Local Commentary

Our Man in Arlington

State Attorney General Mark Herring opined last month that Arlington may, after years of resistance, have authority to remove the name of Confederate President Jefferson Davis from our portion of Route 1.

The coming debate unfolds as a slew of politically touchy name changes are underway at Arlington’s schools.

I’ve been chatting with players on both sides of the conflict over traditions and race that began with fireworks over the decision to rename Washington-Lee High School. (In September it will be Washington-Liberty.)

The issues are anything but cut-and-dried.

Arlington Public Schools, anticipating opening five new schools, on June 7, 2018, launched a new formal process with criteria for namings.

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In the recent past, schools named mid-20th-century for Confederate heroes were re-christened with little fanfare. In the mid-1990s, Cherrydale’s Thomas Nelson Page became Page Traditional, and then Science Focus. Stonewall Jackson in the Bluemont neighborhood became Arlington Traditional School.

The Woodlawn Secondary Program, which moved into the old Stratford Jr. High on Lee Highway in 1978, combined with the Hoffman-Boston middle school program. But, I’m told by founding principal Ray Anderson, it was referred to as the “Woodlawn program on Vacation Lane” to avoid confusion with the co-tenant Stratford program for special needs students.
The new process seeks to address sensitivities by requiring community engagement via volunteer committees, transparency and timely public notice.

Its scorecard so far: The Stratford building will become the new middle school named for Dorothy Hamm, a black parent who helped integrate Stratford in 1959.

The Stratford program will share a new campus with Woodlawn in upper Rosslyn now called “The Heights Building.” (Some parents have pushed to rename the program for Special Olympics founder Eunice Kennedy Shriver.)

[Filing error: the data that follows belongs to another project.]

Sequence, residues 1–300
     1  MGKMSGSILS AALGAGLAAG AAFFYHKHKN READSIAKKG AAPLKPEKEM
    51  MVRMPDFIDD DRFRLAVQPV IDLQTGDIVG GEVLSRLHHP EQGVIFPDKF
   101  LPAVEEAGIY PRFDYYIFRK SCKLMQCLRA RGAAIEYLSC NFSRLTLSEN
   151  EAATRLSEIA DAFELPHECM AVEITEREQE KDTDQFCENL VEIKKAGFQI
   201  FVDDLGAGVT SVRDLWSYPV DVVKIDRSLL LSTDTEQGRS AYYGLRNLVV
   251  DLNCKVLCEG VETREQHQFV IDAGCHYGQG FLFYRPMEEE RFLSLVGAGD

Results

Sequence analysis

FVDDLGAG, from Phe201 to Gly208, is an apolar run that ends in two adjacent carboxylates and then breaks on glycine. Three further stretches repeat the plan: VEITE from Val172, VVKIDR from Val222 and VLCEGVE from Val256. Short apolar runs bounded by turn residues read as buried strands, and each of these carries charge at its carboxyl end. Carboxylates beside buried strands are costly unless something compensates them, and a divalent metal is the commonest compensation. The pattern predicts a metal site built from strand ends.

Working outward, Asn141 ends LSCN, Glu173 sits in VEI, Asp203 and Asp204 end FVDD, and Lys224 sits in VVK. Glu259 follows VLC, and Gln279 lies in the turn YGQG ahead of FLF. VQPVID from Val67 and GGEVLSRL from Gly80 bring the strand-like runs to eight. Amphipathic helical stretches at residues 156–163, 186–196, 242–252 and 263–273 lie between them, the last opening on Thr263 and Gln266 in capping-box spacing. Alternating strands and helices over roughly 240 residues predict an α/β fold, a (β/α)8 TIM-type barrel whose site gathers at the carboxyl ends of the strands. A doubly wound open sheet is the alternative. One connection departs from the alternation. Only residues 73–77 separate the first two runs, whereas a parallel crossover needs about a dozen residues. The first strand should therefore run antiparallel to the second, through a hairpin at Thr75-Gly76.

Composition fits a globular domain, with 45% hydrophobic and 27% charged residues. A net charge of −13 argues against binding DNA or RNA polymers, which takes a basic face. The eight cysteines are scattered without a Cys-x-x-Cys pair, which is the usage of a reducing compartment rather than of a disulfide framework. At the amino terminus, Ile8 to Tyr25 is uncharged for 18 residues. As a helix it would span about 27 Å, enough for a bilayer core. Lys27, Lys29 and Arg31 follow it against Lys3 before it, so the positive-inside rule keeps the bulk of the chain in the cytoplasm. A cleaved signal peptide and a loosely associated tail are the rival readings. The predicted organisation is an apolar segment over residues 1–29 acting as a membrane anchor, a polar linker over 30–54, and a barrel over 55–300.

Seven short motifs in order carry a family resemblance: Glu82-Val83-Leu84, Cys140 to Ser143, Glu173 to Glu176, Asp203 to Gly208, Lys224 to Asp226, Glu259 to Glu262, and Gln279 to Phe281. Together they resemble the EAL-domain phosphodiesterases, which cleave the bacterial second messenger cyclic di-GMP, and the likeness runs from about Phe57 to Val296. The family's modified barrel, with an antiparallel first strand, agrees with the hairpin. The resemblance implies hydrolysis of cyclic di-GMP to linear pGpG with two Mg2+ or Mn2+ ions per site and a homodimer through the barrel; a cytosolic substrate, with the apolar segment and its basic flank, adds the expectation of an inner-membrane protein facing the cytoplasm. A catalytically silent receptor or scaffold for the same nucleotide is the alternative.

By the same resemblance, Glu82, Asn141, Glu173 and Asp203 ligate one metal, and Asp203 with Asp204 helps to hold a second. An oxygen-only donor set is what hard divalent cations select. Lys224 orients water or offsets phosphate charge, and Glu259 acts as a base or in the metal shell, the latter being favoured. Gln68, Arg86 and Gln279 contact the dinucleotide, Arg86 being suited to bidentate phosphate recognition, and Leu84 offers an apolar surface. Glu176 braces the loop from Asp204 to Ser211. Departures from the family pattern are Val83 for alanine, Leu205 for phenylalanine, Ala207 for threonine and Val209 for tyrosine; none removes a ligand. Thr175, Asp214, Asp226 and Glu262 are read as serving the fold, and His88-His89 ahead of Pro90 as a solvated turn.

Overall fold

The newest elementary school has been named for beloved Arlington reading teacher Alice West Fleet. The newly renamed Montessori Public School of Arlington, formerly at Drew Model School, will move to the building until recently called Patrick Henry. And Drew Model School in late March was adjusted to be Charles Drew Elementary.

One steady critic of the process has been W-L alumni activist Dean Fleming.

In February, we both participated in an Arlington Independent Media panel on the process that took Robert E. Lee’s name off his alma mater. Fleming called it rigged and unfair, joining many alums who feel baffled at the seeming preoccupation with racial justice warriors.

“School board members have no business in this lane,” he told me afterward. “Avoiding angst in the community should be the prime directive. It appears the only way to decide things of this magnitude with little pain is to permanently take these decisions away from the small, easily influenced (from internal and external forces) and give them to the voters.”

Fleming’s nemesis, School Board member Barbara Kanninen, dismisses the idea of a rigged process. The board, she told me, more than once asked advisory committees to “rethink” proposed names, and the name “Loving” (for the legal pioneering interracial couple) proposed for W-L was ultimately rejected. “Alice Fleet was an educator, not a social justice warrior,” Kanninen said, noting also that Arlington’s most recent new elementary school was given the neutral name “Discovery.”

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Yes, she acknowledged, Dorothy Hamm fought for justice, but she was also a resident and parent.

The historic integration of Stratford was accomplished less by the students than “the moms of Arlington.”


Twenty months after the death of Leonard “Doc” Muse — the seven-day-a-week proprietor of the Green Valley Pharmacy — his store that served since 1952 remains boarded up.

The marker for the related historic district remains, but it appears few can match Muse’s tireless efforts to preserve that African-American-owned community institution.

Word in the Nauck community is that family members are seeking funding to reopen the fixture, which provided everything from prescription drugs to free bread.

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